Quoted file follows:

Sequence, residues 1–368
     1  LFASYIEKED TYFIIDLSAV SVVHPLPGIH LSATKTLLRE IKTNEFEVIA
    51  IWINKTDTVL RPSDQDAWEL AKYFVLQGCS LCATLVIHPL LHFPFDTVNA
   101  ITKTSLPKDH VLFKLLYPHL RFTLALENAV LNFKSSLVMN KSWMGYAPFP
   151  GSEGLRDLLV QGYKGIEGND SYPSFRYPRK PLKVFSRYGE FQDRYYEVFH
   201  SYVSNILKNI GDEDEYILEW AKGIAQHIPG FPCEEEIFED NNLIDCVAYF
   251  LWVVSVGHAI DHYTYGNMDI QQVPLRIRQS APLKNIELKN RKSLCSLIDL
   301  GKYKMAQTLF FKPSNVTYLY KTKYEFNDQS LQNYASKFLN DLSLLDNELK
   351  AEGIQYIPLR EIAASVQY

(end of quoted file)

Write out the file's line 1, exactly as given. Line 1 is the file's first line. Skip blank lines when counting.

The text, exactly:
Sequence, residues 1–368